Forecasting the nighttime evolution of radio wave ducting in complex terrain using the MM5 numerical weather model
Kucas, Matthew Evan
Young, George S.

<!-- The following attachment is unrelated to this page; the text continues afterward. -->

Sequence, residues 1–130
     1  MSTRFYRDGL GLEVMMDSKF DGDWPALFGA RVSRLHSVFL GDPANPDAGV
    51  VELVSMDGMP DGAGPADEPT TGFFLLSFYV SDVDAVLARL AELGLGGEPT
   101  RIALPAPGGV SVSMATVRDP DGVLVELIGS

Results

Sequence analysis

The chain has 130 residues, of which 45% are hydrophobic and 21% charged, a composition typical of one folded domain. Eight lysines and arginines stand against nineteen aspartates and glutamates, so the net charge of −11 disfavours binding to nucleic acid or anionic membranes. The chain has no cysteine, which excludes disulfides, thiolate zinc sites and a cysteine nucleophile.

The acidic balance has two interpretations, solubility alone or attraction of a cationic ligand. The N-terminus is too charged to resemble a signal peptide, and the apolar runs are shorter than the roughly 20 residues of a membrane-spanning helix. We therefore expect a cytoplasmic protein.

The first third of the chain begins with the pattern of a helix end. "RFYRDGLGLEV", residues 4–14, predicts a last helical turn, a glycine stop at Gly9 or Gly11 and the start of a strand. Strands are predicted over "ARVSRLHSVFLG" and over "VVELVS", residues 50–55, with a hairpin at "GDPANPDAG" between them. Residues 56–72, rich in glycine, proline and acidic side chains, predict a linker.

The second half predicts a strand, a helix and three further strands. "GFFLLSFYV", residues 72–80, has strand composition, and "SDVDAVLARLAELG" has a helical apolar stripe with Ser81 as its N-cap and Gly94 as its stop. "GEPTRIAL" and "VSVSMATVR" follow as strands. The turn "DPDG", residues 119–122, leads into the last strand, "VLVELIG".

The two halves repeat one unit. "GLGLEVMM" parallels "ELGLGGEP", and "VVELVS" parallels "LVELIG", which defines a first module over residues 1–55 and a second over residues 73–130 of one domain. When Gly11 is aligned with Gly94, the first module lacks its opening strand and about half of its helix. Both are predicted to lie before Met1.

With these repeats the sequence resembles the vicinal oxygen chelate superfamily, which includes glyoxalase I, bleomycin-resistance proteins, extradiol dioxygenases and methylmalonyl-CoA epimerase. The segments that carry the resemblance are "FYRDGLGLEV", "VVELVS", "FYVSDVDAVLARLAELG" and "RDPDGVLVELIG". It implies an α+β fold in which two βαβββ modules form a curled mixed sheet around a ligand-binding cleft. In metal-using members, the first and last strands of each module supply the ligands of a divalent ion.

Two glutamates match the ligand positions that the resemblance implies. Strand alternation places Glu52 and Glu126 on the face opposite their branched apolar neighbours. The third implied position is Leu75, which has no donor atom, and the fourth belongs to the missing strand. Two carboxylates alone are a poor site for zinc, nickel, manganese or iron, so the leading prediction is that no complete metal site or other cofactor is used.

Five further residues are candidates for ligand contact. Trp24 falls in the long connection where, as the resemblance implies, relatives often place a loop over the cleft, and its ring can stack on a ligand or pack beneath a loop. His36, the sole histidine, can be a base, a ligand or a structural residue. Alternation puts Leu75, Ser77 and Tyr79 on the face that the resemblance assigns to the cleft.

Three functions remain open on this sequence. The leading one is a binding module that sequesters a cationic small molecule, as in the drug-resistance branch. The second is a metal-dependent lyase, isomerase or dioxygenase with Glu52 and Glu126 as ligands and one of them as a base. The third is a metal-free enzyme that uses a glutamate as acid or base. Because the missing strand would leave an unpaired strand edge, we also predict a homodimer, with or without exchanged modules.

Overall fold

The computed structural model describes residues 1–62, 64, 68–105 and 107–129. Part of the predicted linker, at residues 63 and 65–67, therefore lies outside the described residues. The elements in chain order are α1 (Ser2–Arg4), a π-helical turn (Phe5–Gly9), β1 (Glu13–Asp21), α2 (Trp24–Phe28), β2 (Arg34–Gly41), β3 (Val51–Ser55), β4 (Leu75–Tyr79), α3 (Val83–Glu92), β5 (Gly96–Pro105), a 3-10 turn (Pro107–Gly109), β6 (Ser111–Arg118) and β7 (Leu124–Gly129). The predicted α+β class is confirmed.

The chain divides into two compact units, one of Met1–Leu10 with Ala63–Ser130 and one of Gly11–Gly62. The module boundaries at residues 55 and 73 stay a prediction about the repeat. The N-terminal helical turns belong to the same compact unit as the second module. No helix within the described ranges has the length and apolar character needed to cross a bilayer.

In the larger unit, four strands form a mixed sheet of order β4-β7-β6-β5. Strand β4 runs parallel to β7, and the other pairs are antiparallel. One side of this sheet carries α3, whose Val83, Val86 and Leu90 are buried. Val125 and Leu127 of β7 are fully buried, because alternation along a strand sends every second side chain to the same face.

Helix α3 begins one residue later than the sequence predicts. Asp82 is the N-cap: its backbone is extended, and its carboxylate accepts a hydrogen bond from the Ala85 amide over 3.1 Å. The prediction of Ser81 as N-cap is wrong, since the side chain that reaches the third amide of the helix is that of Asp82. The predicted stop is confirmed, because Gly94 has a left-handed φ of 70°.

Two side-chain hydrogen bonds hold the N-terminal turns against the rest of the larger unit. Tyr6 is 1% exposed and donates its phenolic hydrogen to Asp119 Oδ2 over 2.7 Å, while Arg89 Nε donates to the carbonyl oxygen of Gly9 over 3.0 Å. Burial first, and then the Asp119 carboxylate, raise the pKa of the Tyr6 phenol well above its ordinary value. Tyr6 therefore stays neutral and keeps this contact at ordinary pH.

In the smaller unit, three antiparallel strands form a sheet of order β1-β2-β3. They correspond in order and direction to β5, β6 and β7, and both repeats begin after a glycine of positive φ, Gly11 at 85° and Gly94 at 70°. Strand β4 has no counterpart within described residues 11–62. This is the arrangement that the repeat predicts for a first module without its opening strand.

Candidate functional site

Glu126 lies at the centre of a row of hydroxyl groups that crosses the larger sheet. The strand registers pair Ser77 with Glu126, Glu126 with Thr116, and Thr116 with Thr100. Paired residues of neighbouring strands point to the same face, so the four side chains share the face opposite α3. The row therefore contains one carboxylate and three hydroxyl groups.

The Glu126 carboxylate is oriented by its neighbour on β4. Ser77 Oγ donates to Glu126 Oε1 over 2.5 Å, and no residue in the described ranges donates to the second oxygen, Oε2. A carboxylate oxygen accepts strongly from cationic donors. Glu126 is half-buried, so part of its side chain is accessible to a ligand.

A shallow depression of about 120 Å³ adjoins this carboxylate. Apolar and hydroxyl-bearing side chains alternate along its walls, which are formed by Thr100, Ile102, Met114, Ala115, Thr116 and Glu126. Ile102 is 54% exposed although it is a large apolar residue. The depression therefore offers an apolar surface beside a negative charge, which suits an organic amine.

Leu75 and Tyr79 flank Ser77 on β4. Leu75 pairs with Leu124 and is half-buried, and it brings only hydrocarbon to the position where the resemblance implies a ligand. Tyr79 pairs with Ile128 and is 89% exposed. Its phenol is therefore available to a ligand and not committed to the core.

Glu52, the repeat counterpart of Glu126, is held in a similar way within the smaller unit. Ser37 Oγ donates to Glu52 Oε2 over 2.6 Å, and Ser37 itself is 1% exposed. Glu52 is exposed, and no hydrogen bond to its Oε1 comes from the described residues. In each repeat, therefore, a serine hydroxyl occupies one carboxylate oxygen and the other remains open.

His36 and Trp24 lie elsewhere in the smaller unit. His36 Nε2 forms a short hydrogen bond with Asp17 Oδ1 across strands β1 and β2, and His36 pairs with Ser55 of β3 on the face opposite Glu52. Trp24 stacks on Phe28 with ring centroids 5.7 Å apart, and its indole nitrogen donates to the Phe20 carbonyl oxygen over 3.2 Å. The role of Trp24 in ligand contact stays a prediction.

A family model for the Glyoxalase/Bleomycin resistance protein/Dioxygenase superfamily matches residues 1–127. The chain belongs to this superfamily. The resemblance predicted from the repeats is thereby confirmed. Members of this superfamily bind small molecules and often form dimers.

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This study tests the effectiveness of using mesoscale models to forecast operationally those atmospheric conditions that cause anomalous propagation of radio waves. Providing early warning about where and when such conditions will develop would be particularly useful for military communications. To test mesoscale models' ability to provide such early warning, the Pennsylvania State University I National Center for Atmospheric Research Fifth Generation Mesoscale Model (MM5) simulates atmospheric conditions around the mountainous, desert terrain near Nellis Air Force Base in Nevada for five forecast periods during the summer and fall of 2002. The extent of ducting regions predicted by the model and the mechanisms that result in the development of those regions are examined. The sensitivity of model predictions to changes in horizontal and vertical resolution is also tested. Results of these analyses reveal that rapid radiational cooling around sunset and subsequent cold air pooling establish vertical temperature gradients that, along with pre-existing moisture gradients, are compacted by gravity waves along the lee sides of mountains within the model domain. This gradient compaction drives changes in the electromagnetic refractivity of the atmosphere that can trap radio waves near the Earth's surface. The sensitivity tests show that increasing the model's horizontal resolution increases the area of predicted ducting significantly. Increasing the vertical resolution does not increase the area of predicted ducting by much, but does sharpen the edges of larger predicted ducting regions
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